3. I have been shopping at Trader Joe’s for several years and have always found it to be a wonderful place to shop. I have recently been put on a Gluten Free Diet and thought I would hate it but again, Trader Joe’s came through. Your Gluten Free Bread is the best and also the best priced than the other stores. There is one thing on your list of Gluten Free itmes that I can not find, please tell me where I can get find the Flourless Chocolate Walnut Cookies. I would love to try them as would four of my friends. Thand you, Linda Jones

  4. Avoid the fresh burgers. Bought pack on Saturday,sell by date Wednesday.stunk to high heaven when opened on Tuesday. I always shop at Aldi, TJ’s sister company and their burgers are quality AND if anything is wrong their return policy is price back PLUS another pack of same item as a goodwill gesture.

    • Jill – There is no corporate connection between TJ and Aldi. They are completely separate companies. Two brothers used to own each chain, but even then they kept the companies separate.

      • Yes, but the are close similarities between the two companies and if I remember correctly there are a couple of Trader Joe labeled products on Aldi shelves?

  5. Hello, I’ve worked for trader joes for 6 years, and I though you should add, that all of our trader joes products have, no gmo’s, no antibiotics, and no artificial colors. And we have not do business with china since the start of 2011.

    • I would like to know this too! I just bought gluten free brown rice tortillas and they’re like plastic!!! I’ve warmed it up on the skillet for few seconds but when I started to wrap the tortilla it all crumbled. Dinner fail :/ This is the first product ever that I’m going to try to return to TJs.

      • Freeze them. Then when you want to heat them up put the frozen tortilla in the hot skillet. The ice crystals from them being frozen help them heat up soft and without breaking.

  6. Good info. I really like TJ’s for lots of items. Their wines are hard to beat and we live in NorCal wine country!
    l did have my first return today after many years. The Cabernet Pot Roast. I baked it as instructed, and the end result was terrible, way to much garlic, actual small garlic balls, and the Cab marinade was not good, plus the meat was tough! But I recieved a full refund just by showing my reciept, and they didnt want the remaining product. I guess I’ll see if I can come up with a beef stew recipe that’ll bury the over powering garlic, and tederize the remaining meat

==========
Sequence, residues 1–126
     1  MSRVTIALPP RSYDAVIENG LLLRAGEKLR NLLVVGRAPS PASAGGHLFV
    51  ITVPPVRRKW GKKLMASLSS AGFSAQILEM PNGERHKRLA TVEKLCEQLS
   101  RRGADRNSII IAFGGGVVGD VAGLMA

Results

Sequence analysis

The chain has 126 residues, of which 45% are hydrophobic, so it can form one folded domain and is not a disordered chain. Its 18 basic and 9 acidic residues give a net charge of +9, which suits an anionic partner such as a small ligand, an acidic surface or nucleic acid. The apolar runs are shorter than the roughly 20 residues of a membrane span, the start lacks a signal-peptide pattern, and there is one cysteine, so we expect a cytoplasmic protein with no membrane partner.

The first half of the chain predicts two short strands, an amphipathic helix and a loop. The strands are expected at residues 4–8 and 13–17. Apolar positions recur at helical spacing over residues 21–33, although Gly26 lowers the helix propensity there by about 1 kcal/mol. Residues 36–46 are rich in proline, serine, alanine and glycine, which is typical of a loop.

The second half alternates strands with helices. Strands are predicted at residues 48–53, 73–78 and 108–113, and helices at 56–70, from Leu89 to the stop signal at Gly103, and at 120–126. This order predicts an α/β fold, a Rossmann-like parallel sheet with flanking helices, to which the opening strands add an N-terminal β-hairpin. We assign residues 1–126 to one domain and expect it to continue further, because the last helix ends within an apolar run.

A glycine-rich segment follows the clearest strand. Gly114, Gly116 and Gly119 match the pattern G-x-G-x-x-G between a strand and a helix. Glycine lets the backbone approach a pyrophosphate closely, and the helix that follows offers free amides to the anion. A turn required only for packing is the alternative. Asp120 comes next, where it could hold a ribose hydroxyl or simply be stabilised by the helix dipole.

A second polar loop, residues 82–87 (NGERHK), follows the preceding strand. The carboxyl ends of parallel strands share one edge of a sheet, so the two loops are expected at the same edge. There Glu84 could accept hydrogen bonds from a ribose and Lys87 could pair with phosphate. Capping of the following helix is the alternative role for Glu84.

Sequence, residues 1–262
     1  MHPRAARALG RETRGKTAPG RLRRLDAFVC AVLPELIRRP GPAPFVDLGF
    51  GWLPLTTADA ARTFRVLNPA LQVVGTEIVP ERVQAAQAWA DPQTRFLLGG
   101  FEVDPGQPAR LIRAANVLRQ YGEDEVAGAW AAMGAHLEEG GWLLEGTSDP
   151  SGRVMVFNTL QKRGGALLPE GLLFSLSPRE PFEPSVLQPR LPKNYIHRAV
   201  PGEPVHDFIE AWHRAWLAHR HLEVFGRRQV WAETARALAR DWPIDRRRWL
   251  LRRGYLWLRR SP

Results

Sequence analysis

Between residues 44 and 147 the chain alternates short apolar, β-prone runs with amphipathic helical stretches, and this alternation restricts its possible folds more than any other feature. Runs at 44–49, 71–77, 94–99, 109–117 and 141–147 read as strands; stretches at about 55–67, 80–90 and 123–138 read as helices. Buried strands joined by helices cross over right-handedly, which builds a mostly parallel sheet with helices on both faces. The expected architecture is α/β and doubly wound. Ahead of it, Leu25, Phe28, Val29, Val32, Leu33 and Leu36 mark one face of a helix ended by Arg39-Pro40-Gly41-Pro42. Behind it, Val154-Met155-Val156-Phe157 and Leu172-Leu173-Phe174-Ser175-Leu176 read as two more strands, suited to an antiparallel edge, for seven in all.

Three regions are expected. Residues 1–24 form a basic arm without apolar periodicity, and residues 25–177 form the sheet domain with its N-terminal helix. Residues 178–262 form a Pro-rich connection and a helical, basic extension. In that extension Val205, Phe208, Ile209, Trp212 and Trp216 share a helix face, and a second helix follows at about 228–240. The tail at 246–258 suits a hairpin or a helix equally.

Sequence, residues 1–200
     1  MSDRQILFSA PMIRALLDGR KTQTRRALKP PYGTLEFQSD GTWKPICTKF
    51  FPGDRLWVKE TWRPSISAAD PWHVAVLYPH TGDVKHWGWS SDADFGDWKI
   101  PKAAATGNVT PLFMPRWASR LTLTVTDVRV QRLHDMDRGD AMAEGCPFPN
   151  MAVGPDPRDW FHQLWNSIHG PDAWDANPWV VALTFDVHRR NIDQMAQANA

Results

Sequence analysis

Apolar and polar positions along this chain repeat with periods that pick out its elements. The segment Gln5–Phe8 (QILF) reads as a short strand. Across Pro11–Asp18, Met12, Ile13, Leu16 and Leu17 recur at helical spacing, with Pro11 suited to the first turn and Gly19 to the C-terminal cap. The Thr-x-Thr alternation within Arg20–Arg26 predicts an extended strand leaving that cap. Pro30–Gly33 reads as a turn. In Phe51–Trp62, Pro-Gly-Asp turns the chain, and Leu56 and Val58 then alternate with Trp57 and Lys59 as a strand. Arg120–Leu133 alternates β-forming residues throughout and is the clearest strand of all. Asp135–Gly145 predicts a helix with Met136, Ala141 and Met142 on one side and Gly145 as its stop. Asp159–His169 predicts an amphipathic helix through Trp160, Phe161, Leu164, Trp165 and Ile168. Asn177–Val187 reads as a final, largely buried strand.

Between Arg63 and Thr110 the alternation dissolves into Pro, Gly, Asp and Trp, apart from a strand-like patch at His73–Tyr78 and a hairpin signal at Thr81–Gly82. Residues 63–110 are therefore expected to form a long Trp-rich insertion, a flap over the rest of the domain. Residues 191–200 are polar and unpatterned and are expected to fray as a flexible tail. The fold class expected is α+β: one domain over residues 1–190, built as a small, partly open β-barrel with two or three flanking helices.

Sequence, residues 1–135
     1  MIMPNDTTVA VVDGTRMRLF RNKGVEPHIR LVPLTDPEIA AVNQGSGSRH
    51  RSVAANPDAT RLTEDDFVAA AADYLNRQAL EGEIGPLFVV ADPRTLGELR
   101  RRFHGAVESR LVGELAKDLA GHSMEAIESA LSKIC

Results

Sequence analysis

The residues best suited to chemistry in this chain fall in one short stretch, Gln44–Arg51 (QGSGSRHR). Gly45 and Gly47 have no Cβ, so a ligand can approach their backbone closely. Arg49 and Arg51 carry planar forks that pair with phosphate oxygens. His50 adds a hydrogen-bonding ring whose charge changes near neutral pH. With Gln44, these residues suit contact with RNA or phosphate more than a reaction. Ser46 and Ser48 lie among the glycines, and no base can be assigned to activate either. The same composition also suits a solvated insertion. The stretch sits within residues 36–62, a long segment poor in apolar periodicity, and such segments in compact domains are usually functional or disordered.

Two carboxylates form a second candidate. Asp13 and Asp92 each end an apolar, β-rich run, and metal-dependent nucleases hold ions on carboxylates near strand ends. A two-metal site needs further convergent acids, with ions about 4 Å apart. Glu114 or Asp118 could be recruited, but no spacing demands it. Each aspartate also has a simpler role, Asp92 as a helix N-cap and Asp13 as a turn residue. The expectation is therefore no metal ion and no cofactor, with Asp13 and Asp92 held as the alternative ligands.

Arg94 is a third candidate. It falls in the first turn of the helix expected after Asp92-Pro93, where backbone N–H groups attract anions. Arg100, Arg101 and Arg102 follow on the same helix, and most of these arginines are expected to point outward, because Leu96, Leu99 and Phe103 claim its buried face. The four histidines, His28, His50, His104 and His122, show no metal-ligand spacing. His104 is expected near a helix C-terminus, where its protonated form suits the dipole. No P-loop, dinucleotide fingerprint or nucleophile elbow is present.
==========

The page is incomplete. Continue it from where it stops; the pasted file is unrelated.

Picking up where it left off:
7. Not all Trader Joe’s stores will take returned merchandise. Even when returning unopened, store brand items, they have been uncooperative. It seems to depend on the store manager–too bad they don’t have consistent practices.

    • Really? I have seen people just tell the manager at our TJs that they didn’t like something without the packaging or anything and get their money back!

    • Anytime that happens you need to contact the corporate offices in Monrovia, California (Tel# 626-599-3700) and report the offending manager by name and store location. I have shopped at Trader Joe’s since the early 80’s and know them well. They are very committed to upholding their longstanding reputation.

  8. I just had a very unpleasant experience after I returned something at a NYC Trader Joe’s yesterday. I had returned a few unopened items with no problems and no questions asked after the manager was called over. So upon packing up my new purchases the cashier asks me what the reason for the return was. I said “I don’t know.” He then said something like “the return policy is If you try it, then you can return it.” I was very confused because I did not try any of the items I returned. I asked him how this pertains to me and wanted to know why he was telling me this. I felt as if he was reprimanding me and giving me the third degree for no reason. I have returned items at Trader Joe’s before and have never been questioned or told anything similar to this by a manager, let alone a cashier. This interaction left me completely upset and confused. So on the way out I asked another cashier what their return policy was. I told him what had just happened. He was very nice and he and gave me a completely different response. He called over a team leader because he saw that I was upset. I then explained what happened again but I really don’t think that I expressed myself clearly because I was upset. The team leader was very nice as well and apologized for what had happened. What upset me has nothing to do with the return policy. The feeling of being reprimanded and feeling like you did something wrong is not a good feeling at all. I shop at Trader Joe’s frequently and have never had an interaction like this before.